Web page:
You may be asking, how can I stop the negative thoughts that have been placed in my memory?
My answer is: Consistent prayer, consistent reading of scriptures, consistent fellowship. The good will overshadow the negative over time. Consistency is key.
The negative thoughts are amplified while the positive thoughts or comments are minimized. Just think about how much more positive we have to fill our minds with to combat the negative.
I love the book by Dr. Caroline Leaf called, Switch on Your Brain. I’ve learned that we can renew our mind with the thoughts of God. He is the creator of all things so if we ponder on His thoughts we will have a better, happier life. Knowing our identity in Christ comes through knowing who God says we are and what He says we are capable of being and doing.
I heard someone say on a video that blowing out someone’s candle doesn’t make ours shine any brighter. (You should check out the thought provoking videos that Jay Shetty makes.)
And in contrast to that, don’t allow people to make you feel like you’re not good enough.
Notice your words.
If you speak to people in ways that tear them down, stop it.
Take note how your children speak.
If your kids speak to each other or to you in a rude way, tell them to stop it. Seriously, teach them how words affect people. If they are negative in your home, they are probably that way outside your home and have the potential to really hurt someone.
Talk to your children.
Is someone making them feel less than? Is someone calling them names or putting a label on them? Are they being bullied but not talking about it? If they’re in middle school, the chances are high that they live in fear of being noticed, called out or labeled something bad. Talk to them, lift them up and reassure them over and over again of who they are.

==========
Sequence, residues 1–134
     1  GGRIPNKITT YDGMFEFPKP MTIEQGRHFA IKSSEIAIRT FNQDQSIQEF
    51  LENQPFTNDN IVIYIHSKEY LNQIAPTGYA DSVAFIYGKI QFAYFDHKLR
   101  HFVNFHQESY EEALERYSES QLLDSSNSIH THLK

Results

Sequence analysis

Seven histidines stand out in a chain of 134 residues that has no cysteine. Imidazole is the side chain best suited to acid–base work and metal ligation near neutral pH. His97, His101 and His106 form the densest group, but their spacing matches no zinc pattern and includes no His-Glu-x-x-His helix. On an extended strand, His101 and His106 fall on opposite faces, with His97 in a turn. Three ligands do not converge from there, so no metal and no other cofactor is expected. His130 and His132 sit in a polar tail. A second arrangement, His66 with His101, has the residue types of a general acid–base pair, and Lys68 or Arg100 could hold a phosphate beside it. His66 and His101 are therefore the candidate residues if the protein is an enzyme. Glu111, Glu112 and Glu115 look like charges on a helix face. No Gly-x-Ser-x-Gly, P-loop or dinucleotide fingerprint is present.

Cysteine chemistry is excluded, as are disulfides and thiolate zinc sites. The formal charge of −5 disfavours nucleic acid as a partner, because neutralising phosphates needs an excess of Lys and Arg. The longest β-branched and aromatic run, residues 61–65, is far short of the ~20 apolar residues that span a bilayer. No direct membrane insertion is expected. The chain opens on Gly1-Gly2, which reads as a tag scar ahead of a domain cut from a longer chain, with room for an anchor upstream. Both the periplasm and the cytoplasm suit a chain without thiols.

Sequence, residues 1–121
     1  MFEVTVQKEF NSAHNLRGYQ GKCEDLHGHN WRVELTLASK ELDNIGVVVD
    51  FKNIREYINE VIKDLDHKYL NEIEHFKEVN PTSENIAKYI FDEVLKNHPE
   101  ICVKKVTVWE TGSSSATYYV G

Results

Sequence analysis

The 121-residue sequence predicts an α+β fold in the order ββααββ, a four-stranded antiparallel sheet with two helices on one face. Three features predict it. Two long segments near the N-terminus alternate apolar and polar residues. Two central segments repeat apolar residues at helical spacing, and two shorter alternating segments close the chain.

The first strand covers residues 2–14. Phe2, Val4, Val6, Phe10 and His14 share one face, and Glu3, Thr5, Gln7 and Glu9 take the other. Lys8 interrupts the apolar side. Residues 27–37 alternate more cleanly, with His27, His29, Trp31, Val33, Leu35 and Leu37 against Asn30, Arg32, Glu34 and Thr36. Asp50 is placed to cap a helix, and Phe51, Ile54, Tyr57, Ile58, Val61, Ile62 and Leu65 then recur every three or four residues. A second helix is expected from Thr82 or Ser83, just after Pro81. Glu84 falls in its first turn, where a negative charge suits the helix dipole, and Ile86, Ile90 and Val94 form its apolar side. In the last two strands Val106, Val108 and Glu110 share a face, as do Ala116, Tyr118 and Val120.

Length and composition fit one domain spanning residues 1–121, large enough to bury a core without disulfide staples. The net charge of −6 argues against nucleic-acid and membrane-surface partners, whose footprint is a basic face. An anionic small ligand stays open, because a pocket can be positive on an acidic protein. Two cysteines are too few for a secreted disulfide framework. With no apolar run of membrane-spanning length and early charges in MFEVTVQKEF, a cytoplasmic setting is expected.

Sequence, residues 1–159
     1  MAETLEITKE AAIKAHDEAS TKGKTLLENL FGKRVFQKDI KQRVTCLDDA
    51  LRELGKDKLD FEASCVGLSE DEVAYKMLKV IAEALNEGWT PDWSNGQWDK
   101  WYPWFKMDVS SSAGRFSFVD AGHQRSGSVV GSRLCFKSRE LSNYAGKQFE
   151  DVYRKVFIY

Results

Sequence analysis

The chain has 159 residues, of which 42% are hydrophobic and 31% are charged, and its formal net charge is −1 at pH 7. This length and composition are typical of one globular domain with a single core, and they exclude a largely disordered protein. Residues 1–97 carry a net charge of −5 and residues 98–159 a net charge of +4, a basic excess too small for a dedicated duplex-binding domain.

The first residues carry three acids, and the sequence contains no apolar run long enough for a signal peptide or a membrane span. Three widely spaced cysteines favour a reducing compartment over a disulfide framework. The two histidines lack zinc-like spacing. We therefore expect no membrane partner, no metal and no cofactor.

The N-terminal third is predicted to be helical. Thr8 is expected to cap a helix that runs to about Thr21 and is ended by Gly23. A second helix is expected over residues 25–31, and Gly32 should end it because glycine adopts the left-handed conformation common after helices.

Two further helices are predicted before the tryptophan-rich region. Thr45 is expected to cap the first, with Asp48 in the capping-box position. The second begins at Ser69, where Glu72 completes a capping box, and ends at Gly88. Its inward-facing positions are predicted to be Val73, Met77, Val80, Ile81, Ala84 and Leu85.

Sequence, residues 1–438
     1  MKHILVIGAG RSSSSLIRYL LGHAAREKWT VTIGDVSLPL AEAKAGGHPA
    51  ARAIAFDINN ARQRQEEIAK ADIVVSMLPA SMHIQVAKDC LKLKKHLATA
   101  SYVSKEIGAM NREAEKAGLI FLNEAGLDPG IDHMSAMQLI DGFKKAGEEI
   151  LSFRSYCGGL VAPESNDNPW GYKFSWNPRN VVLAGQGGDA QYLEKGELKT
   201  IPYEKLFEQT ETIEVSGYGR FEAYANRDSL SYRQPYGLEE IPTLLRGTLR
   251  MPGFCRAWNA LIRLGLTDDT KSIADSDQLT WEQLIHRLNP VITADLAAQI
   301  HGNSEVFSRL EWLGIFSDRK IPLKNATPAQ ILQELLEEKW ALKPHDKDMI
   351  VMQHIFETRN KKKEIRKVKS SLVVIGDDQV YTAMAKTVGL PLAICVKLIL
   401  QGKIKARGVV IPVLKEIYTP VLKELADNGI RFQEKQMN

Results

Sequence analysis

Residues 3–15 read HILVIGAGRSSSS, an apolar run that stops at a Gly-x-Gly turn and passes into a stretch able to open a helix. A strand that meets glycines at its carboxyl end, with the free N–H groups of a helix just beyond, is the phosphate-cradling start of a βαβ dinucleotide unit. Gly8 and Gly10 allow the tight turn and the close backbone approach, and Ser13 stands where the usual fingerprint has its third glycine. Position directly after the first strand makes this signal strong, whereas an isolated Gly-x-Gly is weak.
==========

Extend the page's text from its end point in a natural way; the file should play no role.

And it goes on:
Conversations with our kids are more important than a healthy meal, getting them to practice or providing the most in style clothes.
After Isaiah and I had several in-depth conversations, he said he felt relieved. I saw his body language change; his spirit at rest and his freedom to love himself and the rest of our family come back immediately. All because I stopped what I was doing and listened to him.
Asking a child, “are youK?”, isn’t enough. I had to think before I knew what to ask, I prayed throughout the day but eventually I got it. I asked the right question and he completely opened up. I have plenty of parenting fails but when I get a win like this, I feel like I have won the lottery. It’s worth repeating: Conversations with our kids are more important than a healthy meal, getting them to practice or providing the most in style clothes.
Isaiah: You may not ever read this article, but if you do I want you to know that I am thankful that because of you I am growing to be a more compassionate person. Because you let me into your thoughts, you’ve allowed me the privilege of walking beside you. I will always cheer you on because I know what you are capable of. You are a brave kid who has the perspective that many adults are seeking to have. You are loved. Mom